The emergence of the neoliberal state has been attributed to numerous causes, prominent among them are economists in the academy and the tension between strong centralized governance and business interests.  David Harvey argues that key politicians and corporations led to the rise of the neoliberal state. Harvey’s account of the events and intents of the times is not always organized well and occasionally contradicts itself. His main contentions are that the neoliberal state is a product of class war, in which businesses learned how to represent themselves as a class, and that neoliberalism itself was not planned in the same way, for example, The New Deal was – it was ‘stumbled upon.’ Countering Harvey is Daniel Stedman Jones, who argues nearly the opposite, that the neoliberal state exists in large part due to economists in the academy who wrote the political economic theory and then personally advised the policy makers, including Reagan and Thatcher. For Stedman Jones, there was nothing accidental or coincidental about neoliberalism and least of all, the neoliberal state. What Harvey and Stedman Jones have in common is the belief that the origins of the neoliberal state can be traced back to a small group of key people and events. There is a third argument, asserted by Johanna Bockman, that is provocative and unusual but most importantly, methodologically different. Bockman argues that neoliberalism as a governing rationale has roots in socialism and contains certain socialist ideologies within it, still. Her discussion of the origins of the neoliberal state are premised on the idea that neoliberalism did not emerge out of a vacuum due to the need to oppose socialist constructs, but rather that socialist ideas transformed into neoliberal ideas in response to heavy criticism of socialism after World War II. The method here is not one that focuses on particular events or people, but rather examines the conditions of the time as agents themselves, and sees the individual actors and events as necessarily following the conditions.          While all three historians have narratives that converge at many points, where they absolutely diverge is in their analyses of the relationship between theory and praxis in the development of the neoliberal state. This paper will compare the different historians’ accounts of the origins of neoliberalism, and will argue that a method which premises itself on the notion that there is a causal relationship between ideas and practices will always lead to stronger conclusions.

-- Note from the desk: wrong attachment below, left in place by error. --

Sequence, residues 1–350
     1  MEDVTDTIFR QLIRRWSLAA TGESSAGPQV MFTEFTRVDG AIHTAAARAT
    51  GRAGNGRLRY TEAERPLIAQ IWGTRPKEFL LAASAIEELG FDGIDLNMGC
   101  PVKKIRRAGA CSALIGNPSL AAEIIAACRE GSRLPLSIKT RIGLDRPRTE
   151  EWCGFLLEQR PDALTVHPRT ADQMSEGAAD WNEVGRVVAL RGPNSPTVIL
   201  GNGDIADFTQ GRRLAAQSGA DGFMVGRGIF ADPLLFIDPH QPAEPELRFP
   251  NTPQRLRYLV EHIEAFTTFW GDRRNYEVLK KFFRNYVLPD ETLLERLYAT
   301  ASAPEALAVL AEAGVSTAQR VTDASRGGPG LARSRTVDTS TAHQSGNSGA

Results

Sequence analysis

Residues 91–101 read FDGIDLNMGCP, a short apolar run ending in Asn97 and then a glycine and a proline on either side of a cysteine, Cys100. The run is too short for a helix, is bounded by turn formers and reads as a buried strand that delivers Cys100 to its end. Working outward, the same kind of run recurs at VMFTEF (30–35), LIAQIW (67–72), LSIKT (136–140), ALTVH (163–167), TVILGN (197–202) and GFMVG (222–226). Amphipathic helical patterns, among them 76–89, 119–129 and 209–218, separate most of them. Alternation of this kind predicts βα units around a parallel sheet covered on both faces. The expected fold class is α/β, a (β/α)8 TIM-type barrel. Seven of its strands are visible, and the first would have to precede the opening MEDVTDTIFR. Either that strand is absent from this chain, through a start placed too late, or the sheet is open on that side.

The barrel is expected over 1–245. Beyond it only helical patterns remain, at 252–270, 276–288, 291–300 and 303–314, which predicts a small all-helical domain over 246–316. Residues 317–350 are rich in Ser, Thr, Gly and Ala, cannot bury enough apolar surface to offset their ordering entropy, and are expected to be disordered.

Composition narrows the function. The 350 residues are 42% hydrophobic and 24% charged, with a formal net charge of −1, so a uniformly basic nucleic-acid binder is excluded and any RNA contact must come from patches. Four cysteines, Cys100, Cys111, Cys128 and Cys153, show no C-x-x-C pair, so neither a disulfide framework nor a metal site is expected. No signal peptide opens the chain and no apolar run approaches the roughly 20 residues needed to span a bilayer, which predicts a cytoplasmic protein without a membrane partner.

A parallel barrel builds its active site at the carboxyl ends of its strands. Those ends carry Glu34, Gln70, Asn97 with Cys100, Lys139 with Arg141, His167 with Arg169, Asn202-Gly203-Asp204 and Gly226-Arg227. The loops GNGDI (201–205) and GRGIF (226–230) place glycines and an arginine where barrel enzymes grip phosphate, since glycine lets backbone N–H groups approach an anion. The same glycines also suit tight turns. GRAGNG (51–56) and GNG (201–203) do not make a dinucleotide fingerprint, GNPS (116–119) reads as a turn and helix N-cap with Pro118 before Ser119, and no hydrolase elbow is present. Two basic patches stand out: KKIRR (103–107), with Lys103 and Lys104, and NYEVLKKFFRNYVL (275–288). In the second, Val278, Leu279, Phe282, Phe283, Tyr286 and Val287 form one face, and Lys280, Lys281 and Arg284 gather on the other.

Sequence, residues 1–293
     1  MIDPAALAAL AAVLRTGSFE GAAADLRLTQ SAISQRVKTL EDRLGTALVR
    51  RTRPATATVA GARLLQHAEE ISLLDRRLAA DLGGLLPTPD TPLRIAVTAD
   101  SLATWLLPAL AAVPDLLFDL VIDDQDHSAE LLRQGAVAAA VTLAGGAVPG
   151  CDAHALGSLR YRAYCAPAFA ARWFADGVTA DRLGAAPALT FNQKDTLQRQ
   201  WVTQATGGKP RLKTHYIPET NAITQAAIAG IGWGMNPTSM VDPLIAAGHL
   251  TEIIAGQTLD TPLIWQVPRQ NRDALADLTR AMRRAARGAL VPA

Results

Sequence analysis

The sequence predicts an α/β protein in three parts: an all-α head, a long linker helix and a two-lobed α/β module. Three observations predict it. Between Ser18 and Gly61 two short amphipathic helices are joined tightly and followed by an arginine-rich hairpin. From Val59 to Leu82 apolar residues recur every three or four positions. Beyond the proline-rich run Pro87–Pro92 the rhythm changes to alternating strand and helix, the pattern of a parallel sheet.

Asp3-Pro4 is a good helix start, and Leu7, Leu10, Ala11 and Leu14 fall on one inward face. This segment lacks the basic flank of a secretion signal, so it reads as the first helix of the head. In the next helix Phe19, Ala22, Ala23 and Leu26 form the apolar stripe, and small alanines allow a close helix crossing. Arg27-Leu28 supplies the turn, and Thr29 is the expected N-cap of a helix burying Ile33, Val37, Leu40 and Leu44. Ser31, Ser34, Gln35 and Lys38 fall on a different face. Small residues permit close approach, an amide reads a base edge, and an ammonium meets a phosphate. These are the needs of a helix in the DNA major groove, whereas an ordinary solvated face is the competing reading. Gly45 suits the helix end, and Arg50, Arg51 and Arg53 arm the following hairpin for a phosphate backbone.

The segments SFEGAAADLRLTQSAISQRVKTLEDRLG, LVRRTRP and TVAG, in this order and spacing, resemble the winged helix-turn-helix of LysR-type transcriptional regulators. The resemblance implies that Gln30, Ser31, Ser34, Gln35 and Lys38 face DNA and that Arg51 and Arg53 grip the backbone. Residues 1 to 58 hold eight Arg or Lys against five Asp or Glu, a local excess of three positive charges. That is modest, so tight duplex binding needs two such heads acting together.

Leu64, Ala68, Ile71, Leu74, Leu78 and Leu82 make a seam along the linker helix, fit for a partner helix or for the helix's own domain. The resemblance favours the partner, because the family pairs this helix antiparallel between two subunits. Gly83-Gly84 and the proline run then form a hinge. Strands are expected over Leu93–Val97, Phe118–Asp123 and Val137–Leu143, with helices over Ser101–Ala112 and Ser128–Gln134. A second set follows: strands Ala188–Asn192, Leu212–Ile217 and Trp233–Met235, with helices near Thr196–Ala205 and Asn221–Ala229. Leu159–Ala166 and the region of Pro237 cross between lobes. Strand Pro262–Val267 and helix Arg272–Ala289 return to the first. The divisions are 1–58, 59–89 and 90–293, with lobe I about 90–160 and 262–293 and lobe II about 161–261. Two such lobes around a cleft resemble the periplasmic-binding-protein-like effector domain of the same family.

I. David Harvey’s Neoliberalisms

In A Brief History of Neoliberalism, Harvey gives us a densely populated account of the persons and events that figured prominently in the rise of the neoliberal state in the West. Neither chronological, nor thematically driven, this small volume requires a surprising amount of mapping by the reader. For this reason, certain contradictions within his work were perhaps more immediately apparent. The gravest contradiction might be between definitions of neoliberalism. At the outset, Harvey defines it as promoting the welfare of citizens through individual freedom specifically as it relates to the search for profit, within a state that guarantees the free market, strong private property rights and free trade.  For Harvey, this is a strong state in a certain sense – it uses force to defend the rights of the individual, as opposed to defending a concept of ‘society.’ It also is obligated to create markets where none exist – this is the particular and strange strength to institute and enforce inequality. But for Harvey, this is also a restrained government. It has no power to work towards a public good, or even to conceive a public good, outside of the individual’s right to promote his own interests.[1]